• Plotynus wrote:

    Overall, I think they're addressing the main problems the community had in the past weeks at a good speed. Implementation may be an issue for some, but its better having something and start from there. I believe they havdo things that are in between what they want, what we want and what they ca do. And that creates negative feedback some time

    I think the game, in PvP, is closer to have a very consistent client who can compete with any top game. Improving the new player experience and introducing more support to other formats (casual and competitive) its the final paintbrush.

    I think they're addressing the right issues. Some things can be done differently? Sure.

    My fear is that the community is just overly negative towards the game (with or without reason). Anything they do gets 10 pages of people complaining, some even with some kind of violence. Thats just bad, and it will hurt the game more than any lack of marketing. If your player base (and th one that gathers to form community) have that attitude, its just going to fail because whatever thy do with their limited respurces will never met any expectations. To be clear, its not fault of the users, but I dont see how they can lift the spirit up at this point.

    Azuchi wrote:

    In fairness, we have done so, and gladly...well, up until the point that we realized just how heavily Hex was sabotaging our efforts.

    -snip-

    These two quotes are a fascinating contrast.
  • NeroJinous wrote:

    Portensio wrote:

    NeroJinous wrote:

    Chocmaw wrote:

    Obsidian wrote:

    No, not really. Siege sacks will be cool for a little bit, but doesn't solve Siege's AI problems. I know that the developers want more PvE content (you can see it whenever they talk about it, it's what makes Hex special and they want to bring it to the forefront), but we still don't see much of it. It's a backseat compared to new set development. My negative theory is that Hex's code has become large and unwieldy, and they simply can't produce new content at the rate they want to. It's why issues linger on longer than they ever should. Their development mode seems to be working on something new, staple it into existing systems, and move forward. Why can't we get a revamp of the AH? Why is the AI still so terrible? Are we ever going to see the finished PvE product?

    I don't think their internal structure is easy enough to work with in a sustainable way. I think they've wanted to fix card identity before restructuring AH, such that cards are no longer unique items (since Doublebacks have been dropped), and it's just not feasible. Things like that are holding up features that we should have seen a long time ago. Bugs are getting so impossible to fix that we're in the 'it's a feature, not a bug' mode.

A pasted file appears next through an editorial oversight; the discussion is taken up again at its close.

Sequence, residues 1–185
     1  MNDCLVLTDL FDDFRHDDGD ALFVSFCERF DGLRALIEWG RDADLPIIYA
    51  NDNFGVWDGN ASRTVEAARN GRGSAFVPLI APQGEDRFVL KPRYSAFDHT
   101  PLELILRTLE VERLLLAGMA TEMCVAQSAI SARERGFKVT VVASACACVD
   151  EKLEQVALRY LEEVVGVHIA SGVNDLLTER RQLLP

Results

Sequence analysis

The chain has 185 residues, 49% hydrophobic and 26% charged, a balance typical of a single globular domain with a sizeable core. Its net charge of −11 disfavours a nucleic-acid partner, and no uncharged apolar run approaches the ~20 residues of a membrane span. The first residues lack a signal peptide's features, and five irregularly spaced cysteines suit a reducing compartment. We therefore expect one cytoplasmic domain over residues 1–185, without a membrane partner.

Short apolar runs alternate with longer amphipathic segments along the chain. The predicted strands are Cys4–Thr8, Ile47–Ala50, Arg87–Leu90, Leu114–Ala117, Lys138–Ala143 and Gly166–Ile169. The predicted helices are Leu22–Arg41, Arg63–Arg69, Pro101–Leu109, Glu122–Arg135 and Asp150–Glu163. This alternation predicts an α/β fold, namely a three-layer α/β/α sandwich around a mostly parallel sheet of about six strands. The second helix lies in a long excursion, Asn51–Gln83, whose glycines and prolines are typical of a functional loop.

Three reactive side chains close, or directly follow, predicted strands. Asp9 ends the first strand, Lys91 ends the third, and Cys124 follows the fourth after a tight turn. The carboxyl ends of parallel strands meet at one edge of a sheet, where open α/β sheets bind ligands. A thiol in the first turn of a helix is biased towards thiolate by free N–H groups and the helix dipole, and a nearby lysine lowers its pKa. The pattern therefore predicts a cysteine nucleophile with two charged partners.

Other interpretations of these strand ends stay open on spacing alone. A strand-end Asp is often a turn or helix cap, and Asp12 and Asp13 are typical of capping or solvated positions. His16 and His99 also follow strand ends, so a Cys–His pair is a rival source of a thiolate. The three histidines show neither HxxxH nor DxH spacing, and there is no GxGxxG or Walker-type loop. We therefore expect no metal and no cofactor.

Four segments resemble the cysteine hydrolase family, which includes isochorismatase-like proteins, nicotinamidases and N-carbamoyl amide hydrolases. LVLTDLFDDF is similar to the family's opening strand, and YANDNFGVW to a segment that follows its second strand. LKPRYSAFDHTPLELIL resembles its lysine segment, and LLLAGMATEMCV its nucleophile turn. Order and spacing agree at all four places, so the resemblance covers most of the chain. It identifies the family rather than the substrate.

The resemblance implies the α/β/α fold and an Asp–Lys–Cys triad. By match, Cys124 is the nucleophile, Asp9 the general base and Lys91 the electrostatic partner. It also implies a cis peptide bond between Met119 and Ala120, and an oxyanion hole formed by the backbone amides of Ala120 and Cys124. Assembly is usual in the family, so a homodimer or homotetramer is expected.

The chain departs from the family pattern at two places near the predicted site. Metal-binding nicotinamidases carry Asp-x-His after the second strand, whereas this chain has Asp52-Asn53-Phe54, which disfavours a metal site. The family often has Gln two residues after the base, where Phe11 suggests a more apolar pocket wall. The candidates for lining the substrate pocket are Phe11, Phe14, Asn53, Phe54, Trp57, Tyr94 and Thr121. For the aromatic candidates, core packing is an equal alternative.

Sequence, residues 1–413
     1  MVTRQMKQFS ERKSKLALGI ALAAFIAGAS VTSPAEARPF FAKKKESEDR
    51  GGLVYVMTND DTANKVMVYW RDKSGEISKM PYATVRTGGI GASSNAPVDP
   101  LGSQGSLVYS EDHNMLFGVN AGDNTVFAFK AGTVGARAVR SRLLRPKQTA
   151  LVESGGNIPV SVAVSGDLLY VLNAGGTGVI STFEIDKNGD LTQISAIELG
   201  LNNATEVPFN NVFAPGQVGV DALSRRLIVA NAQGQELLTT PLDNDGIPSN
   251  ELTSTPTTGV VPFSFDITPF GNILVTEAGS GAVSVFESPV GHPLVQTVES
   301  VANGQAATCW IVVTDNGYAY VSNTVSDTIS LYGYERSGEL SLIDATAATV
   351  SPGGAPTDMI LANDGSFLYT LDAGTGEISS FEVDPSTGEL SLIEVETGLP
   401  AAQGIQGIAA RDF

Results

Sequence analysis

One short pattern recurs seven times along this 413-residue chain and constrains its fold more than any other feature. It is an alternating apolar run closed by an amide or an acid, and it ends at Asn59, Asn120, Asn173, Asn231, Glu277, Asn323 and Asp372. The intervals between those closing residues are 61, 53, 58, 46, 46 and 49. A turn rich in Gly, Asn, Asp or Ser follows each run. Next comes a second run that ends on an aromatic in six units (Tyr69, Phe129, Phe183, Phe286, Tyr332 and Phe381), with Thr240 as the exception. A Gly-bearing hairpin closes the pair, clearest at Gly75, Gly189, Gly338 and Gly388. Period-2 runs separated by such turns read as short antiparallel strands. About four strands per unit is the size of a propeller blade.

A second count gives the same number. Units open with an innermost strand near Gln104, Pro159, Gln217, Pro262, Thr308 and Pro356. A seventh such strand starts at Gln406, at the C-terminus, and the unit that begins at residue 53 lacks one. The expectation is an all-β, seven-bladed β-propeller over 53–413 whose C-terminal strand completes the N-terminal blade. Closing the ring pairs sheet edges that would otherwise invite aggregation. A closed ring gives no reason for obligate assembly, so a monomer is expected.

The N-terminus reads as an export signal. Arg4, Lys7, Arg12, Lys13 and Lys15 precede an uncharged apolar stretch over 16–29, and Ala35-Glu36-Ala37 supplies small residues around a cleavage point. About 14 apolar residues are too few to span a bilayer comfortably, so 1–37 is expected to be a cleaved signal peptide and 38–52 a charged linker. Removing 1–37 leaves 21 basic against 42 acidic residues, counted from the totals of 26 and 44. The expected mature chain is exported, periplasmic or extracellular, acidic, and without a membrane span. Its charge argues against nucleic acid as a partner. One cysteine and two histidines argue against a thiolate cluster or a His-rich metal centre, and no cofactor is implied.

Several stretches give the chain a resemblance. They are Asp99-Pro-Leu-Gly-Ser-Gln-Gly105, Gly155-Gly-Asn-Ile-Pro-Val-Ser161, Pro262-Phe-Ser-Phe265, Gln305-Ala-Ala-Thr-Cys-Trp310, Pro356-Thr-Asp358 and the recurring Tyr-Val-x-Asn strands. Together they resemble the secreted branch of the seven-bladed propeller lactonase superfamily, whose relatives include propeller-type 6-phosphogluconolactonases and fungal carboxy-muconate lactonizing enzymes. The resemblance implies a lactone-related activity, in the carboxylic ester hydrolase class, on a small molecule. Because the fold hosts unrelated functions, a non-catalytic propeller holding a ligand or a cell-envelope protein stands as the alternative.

I think the game's being dragged down by kludgy code. I don't have proof, but that's what it feels like every time I see new posts on the forums. So I'm not hopeful. I got my money's worth out of the game already, so it's whatever, but I really was looking forward to a robust and ongoing PvE campaign.
    This is what I think as well.HxE initially was a team of great TCG game designers with very little exposure to being a software development company. Unity was decided as the base back when they started. Now I'm guessing that there is a pretty large engineering team in place and they may even make up more than half the resources in the company. I would love to know, just at a conversational level, what their opinion is on using Unity and whether they would prefer coding in something else.
    I don't know enough about these things, but it sounds like any decision to change the base would be suicidal, so they're stuck with what they have and need to make the best of it. Based on the past couple of weeks, I think there has been some change in direction and strategy. My hope is that this leads to an uplift in player retention and engagement and subsequently, longevity of the game.